Making Mandela's prison experience relevant today

The short trip to Robben Island exposes South Africa's stark contrasts.

Message of hope found inside the walls of a notorious apartheid-era jail

A South African student peeks into Nelson Mandela's former cell at the Robben Island prison, off the coast of Cape Town, South Africa. ((Bruce Edwards/CBC))

Leaving from the Nelson Mandela Gateway ferry boat terminal in Capetown’s snazzy waterfront, the short trip to Robben Island exposes South Africa’s stark contrasts.

The island's infamous former prison, a place where opponents of the country's apartheid policies were isolated and brutalized, has the scenic Table Mountain as its stunning backdrop. It's a view Nelson Mandela no doubt kept in his mind's eye years after he was set free.

But today, the ferry is overrun with 10-to-12 year olds on a school outing and bubbling with excitement. Most of these fifth-graders, born after the end of apartheid in 1994, have never been to Robben Island. But that’s not unusual.

In fact, most South Africans will never see the place where Mandela was imprisoned for 18 years, because they can’t afford the R150 ($20 Cdn) boat fare. More than half of the population still lives in squalor and would feel lucky to make that much in a week.

But the government does offer discounted rates to schools. So today these 60 children have escaped their classrooms for a boat ride to an island they’ve learned surprisingly little about, much to the frustration of their guide, Vincent Diba.

He spent 11 years on the island, one of more than 3,000 political prisoners imprisoned here between 1961 and 1991. It was the price he paid to fight what these children only vaguely understand.

Table Mountain is seen in the distance from Robben Island. ((Bruce Edwards/CBC))

"At times I feel emotional because these kids are not listening," He says. "Or they don’t care about our history that I’m trying to relate to them, because they don’t have any connection with that. Or they just don’t care."

Apartheid behind bars

When the boat is anchored, the kids step off the narrow gangplank and take their first steps into the grim landscape of low-lying buildings. They were built by prisoners in 1963, with stones from the quarry where Mandela and his comrades worked for 13 years.

Diba rolls his eyes in despair as he tries, unsuccessfully, to herd the children from the boat to the main gate of the prison, without losing any of them to the souvenir shop that sells candy.

But when they’re finally rounded up and huddled together in the stone archway leading into the prison grounds, he leads them passed the main watchtower and describes how political prisoners were welcomed into Robben Island’s high security prison. He tells how they were stripped of their clothes and left to brave the cold winter rains and scorching summer heat with one pair of shorts, in a two-square-metre concrete cell.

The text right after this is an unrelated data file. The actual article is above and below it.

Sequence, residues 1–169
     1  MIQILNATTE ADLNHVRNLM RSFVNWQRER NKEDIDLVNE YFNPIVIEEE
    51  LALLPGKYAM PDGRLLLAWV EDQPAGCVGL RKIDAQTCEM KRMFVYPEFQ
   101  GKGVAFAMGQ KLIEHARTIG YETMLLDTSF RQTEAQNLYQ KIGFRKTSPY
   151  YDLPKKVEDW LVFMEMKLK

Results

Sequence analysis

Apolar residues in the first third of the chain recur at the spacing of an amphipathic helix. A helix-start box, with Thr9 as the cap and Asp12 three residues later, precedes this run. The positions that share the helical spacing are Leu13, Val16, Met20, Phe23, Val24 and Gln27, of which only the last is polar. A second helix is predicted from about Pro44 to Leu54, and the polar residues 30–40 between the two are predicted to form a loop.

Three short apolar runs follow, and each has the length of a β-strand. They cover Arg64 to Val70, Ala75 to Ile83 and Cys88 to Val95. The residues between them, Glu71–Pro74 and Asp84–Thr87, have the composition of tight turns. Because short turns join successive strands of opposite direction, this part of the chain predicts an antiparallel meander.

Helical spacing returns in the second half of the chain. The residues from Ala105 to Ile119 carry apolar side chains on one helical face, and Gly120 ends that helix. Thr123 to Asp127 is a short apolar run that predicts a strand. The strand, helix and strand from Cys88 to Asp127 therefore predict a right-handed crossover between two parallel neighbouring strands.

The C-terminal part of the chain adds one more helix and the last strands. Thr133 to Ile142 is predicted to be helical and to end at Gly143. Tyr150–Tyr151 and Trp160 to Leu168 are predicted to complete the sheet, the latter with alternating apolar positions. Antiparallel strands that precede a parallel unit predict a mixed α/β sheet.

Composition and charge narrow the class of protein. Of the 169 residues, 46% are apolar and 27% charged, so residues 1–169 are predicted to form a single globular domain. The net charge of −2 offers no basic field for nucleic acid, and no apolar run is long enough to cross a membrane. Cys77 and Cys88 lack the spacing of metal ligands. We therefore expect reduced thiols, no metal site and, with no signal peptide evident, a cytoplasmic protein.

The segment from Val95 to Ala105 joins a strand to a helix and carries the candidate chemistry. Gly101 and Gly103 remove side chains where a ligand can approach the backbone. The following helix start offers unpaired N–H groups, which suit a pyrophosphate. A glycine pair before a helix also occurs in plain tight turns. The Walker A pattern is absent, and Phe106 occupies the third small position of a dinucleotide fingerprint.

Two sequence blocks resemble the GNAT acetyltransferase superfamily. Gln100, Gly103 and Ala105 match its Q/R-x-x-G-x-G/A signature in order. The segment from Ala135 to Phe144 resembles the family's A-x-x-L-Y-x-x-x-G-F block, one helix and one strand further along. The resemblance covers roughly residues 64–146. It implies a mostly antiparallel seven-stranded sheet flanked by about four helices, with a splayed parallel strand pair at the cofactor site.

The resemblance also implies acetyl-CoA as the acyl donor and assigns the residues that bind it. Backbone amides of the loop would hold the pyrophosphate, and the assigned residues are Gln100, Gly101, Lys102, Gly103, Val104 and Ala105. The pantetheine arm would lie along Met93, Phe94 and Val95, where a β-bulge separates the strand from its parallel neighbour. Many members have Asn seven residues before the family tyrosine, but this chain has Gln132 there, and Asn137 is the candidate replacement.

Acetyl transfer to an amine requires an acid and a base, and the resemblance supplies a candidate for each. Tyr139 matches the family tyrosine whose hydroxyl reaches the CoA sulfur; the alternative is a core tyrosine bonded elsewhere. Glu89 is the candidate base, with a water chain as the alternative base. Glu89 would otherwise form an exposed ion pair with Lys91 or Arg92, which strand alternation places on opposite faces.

Tour guide Vincent Diba tells the students about a prisoner's card, which listed the inmate's ethnic origin along with other information. ((Bruce Edwards/CBC))

The racist apartheid regime that was in power in South Africa from 1948 to 1994 ensured segregation continued within the prison. Inmates were classified by their skin colour. Blacks received the least amount of food on their plates at meal time. Only the lighter skinned inmates, referred to as coloureds and Indians, were given bread.

At this point, Diba is struggling to keep the group's attention. Some of the children have penned a few notes, but most are whispering amongst themselves about penguins and rabbits, which the island has in abundance. But Diba is determined to instil in them a sense of history. So before moving into the prison courtyard, he tells them what he believes Robben Island really represents.

"Robben Island represents the resistance of humankind to oppression and ignorance." he tells them. "It represents the strength and the resilience of the human spirit. And it represents hope."

A garden escape

For the first 14 years of his imprisonment, Mandela’s view of the world was a desolate courtyard, stripped of all vegetation and boxed in by tall concrete walls, crowned with razor wire. Between that and his days working in the dusty stone quarry, Mandela was desperate for some form of life. So in 1978, he convinced prison officials to allow him to start a garden in the courtyard.

Not only did the garden provide an escape from the depressing routine of prison life, it also provided Mandela with a place to hide the manuscript for the autobiography he’d been scratching out on whatever scraps of paper he could find.

Shortly after he planted this garden, his granddaughter was born and he named her Hope. In his book Long Walk to Freedom he writes:

"During all my years in prison, I had never lost hope—and now I never would. I believed deeply that this child would be part of a new generation of South Africans, for whom apartheid would be a distant memory. That was my dream."

A blast from the ferryboat’s horn bounces off the courtyard walls and Diba takes his cue.

As he nudges the children back to the dock, he considers their tepid interest in this place and wonders, somewhat begrudgingly, if Mandela’s dream hasn’t in fact, come true.

Bruce Edwards is a CBC Radio producer based in Washington, D.C.


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